Surah Yusuf has always been one of my favorite Surahs. Ever since I was a child, I had a deep love and connection with the Surah. I would read books about it, delve into its story, listen to Nasheeds about it, and by doing so, I began to love it more and more. Over the years, as I started to practice my deen more, and as I began to read the translation of the Qur’an, I realized how the meaning of the Surah further enhanced for me the beauty of its recital and its story.
It was then that I began to dream and hope of wanting to raise my first boy then, Yusuf!
It still is a Surah close to my heart, for the same reasons it was when I was a child, as well as a greater reason, which I was able to discover and learn about, through life experiences.
That reason is this.
So many of the situations we go through in life, so many of the tests we face, so many of our difficulties, are in some, way, shape or form etched within the life story of Yusuf (as). They may not be exactly similar, but the lessons we derive from them are the same lessons we learn from that which Yusuf (as) went through. From the test of jealousy, to the struggle of restraining evil desires and temptation. From the test of popularity and fame, to the test of greed and wealth. From love and loss, to oppression, dreams, obedience to parents, separations and reunions. From heartbreak and tears, to light and darkness. All these themes and tests are embedded within the life of Yusuf (as).
And that is why so many shed tears when they recite this Surah, as it comforts the heart, and consoles it. It is a story, which moves the hearts of both the young and old. It is no wonder that scholars have drawn so many parallels between the story of Yusuf and the Seerah of Muhammad (Salallahu Alayhi Wasallam). Allah knows us better, so He sent us guidance in form of the best story ever to be written; by the greatest of Writers. And no one can ever match its profound beauty and eloquence. It’s the Best of stories containing some of the most profound lessons with a prose that is sweet to the ears and soothing to the soul.
One of the greatest overall lessons we can learn from this Suran, is the lesson of patience and trust. Of Sabr and Tawakkul. These two themes are highlighted in this Surah over and over again at every turn of every page. Yusuf (as) was someone who was repeatedly taught to practice patience throughout his life as well as rely on God in every single situation he was placed in. Hence, it was these two qualities that Yusuf (as) was able to master, that not only earned him the love of Allah, but also caused him to be successful in this world and the next.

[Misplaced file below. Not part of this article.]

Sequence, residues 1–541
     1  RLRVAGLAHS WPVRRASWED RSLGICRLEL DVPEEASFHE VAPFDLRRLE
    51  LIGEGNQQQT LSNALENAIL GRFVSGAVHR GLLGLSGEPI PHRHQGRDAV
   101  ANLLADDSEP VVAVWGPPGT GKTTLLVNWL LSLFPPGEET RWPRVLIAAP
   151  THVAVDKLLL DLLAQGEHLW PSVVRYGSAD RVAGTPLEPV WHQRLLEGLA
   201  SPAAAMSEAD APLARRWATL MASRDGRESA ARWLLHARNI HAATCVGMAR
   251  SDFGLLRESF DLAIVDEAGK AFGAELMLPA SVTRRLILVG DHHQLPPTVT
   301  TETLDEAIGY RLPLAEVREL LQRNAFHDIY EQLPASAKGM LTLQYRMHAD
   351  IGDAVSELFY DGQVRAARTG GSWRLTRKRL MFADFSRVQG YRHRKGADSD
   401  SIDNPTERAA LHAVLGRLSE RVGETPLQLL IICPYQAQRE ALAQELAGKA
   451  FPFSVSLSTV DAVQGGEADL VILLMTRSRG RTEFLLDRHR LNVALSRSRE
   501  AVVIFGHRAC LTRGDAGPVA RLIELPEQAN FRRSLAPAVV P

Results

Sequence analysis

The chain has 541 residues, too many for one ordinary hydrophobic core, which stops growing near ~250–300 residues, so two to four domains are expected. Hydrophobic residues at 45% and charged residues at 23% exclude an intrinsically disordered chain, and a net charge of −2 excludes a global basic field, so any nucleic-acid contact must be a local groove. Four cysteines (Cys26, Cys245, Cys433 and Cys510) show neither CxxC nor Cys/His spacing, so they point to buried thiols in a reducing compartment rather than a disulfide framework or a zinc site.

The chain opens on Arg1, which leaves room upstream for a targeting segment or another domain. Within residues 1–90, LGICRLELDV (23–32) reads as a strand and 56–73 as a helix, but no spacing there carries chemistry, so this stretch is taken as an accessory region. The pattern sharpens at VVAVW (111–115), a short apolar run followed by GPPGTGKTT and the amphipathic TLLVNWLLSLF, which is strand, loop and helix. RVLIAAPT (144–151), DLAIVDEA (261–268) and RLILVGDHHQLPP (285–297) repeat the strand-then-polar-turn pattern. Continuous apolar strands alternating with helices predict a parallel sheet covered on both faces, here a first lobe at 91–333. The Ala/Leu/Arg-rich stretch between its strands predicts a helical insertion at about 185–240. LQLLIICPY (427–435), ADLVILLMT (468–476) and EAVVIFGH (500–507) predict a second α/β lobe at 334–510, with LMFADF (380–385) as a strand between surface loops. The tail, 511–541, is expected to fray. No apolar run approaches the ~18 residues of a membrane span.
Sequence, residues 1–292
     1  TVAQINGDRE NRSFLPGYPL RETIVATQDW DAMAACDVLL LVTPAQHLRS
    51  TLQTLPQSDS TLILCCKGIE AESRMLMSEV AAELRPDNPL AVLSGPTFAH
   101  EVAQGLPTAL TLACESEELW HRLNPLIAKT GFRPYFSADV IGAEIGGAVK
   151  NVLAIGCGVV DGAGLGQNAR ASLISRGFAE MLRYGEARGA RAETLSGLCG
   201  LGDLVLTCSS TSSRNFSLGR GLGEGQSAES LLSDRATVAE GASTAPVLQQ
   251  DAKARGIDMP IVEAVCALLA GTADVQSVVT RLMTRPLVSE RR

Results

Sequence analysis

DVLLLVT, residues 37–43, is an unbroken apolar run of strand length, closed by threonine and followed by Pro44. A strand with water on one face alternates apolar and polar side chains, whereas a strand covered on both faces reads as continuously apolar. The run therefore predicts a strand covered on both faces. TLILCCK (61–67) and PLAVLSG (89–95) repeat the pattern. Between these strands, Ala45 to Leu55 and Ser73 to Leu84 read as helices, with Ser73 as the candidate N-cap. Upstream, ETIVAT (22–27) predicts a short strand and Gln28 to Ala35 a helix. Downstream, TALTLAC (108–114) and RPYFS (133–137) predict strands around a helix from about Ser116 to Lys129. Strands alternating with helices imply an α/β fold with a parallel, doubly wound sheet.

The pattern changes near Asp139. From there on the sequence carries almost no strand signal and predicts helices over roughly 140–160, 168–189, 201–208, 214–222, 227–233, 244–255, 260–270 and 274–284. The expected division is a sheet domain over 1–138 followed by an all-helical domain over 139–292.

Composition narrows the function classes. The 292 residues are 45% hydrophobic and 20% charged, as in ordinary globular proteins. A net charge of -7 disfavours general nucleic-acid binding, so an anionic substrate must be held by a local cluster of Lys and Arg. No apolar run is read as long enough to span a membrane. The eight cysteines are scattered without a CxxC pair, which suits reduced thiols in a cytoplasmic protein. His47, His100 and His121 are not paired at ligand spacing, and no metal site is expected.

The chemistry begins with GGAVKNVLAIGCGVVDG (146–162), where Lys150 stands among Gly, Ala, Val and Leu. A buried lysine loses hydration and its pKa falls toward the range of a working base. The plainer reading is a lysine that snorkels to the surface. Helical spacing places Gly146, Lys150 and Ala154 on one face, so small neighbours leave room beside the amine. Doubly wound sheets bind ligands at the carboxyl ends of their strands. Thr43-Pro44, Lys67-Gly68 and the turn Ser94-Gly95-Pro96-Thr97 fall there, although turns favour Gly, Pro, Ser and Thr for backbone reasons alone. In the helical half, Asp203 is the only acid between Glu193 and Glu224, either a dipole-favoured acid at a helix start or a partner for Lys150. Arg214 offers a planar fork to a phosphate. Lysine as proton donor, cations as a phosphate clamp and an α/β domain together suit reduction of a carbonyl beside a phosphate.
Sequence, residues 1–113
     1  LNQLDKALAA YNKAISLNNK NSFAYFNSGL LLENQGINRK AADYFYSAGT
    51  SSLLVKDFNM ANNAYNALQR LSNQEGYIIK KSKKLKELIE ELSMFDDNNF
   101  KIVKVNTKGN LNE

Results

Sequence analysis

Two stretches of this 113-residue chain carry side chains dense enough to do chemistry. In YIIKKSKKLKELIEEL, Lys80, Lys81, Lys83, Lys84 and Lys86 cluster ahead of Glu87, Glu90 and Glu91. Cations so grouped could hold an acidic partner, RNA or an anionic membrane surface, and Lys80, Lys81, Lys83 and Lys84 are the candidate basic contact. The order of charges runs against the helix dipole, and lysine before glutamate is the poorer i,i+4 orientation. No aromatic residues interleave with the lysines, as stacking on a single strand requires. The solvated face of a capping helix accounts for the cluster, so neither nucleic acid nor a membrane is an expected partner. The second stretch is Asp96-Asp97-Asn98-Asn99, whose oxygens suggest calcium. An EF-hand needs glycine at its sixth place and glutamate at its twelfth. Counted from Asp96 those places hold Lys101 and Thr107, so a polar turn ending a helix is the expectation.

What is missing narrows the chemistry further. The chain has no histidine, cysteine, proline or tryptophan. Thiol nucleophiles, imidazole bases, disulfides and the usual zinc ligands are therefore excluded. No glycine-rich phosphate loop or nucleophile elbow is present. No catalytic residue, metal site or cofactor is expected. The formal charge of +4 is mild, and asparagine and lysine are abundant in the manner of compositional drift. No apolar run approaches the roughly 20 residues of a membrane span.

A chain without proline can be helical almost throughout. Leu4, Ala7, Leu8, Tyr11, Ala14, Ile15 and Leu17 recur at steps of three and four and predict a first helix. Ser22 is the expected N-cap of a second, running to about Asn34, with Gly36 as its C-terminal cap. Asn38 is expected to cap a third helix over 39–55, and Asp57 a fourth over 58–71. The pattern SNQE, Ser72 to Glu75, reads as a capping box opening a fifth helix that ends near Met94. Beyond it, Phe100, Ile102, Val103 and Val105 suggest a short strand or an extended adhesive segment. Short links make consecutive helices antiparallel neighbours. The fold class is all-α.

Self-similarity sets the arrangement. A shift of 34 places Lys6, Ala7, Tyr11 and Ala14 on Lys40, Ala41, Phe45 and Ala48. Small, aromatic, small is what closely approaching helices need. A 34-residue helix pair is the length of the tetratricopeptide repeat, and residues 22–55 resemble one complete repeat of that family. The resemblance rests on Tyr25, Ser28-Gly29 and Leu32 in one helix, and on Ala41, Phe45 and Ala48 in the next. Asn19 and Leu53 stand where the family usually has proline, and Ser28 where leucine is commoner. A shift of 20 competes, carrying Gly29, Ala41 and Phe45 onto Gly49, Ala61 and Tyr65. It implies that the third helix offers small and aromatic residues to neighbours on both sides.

Today, I want to shed light on just some benefits of this Surah and facts about it that will hopefully inspire you (after reading this article ofcourse), to want to pick up a Qur’an and read through its meaning. Although this will never do justice to the subtleties and linguistic gems that are buried within it, it will give you an insight of why this story is indeed the best of all stories.
So, here goes!
Some points of benefit about this Surah:
Look out for our second article on Surah Yusuf, where we will discuss a beautiful sociology lesson we can derive from this Surah, inshaAllah.
Oh, and don’t forget to read this Surah with its meaning. It will inspire you and soothe your troubled heart!
Ramadan comes around every year, and every year it’s the same hype. The same old HYPOCRISY. “we love Ramadan, can’t wait for Ramadan, this Ramadan is going to be better than ever.” And yet, nothing changes. Instead, we’re worse off for it. Ramadan makes us fatter, unhealthier, lazier and hypocritical. So really, what’s the point?
People say Ramadan brings out the best in everyone (because Shaytaan is locked up and because of the barakah of the month), but I’d like to argue to the contrary. Ramadan brings out the worst in all of us and that too without the help of Shaytaan.
Here’s why I think you SHOULDN’T look forward to Ramadan.
The #1 reason why we shouldn’t look forward to Ramadan is the attitude of Muslims towards food. During Ramadan we become obsessed with food. All we think about and talk about and do, is food. What will we eat today, what will we cook, what will we have for our daily feast? We are extra hungry, extra voracious, extra particular about what we eat. That’s not the spirit of Ramadan.
This is a major issue. During Ramadan, we give up basic things like food, and this should be teaching us abstinence and gratitude. But instead, we spend more, and waste more. We spend more money on food during Ramadan than any other month throughout the year.
Just look at our mosques. Mosques make extravagant arrangements to feed their congregation and the amount of food that is wasted in these gatherings is unbelievable. More food goes into the garbage than into the bellies, even though our appetites are ravenous. And no one seems to care about the environment. There’s no concept of composting wasted food (which may make up for the wastage somewhat) or even recycling water bottles.
In the month when a person is supposed to avoid “arguments” by saying “I’m fasting,” as Muslims we have the greatest number of disputes and arguments during this month. Whenever you think of Ramadan approaching, the fisrt thing that comes to mind is, oh man moon sighting arguments again. Discord within the community. The community splits into factions according to which day you started fasting, which mosque you attend, and how many taraweeh you pray.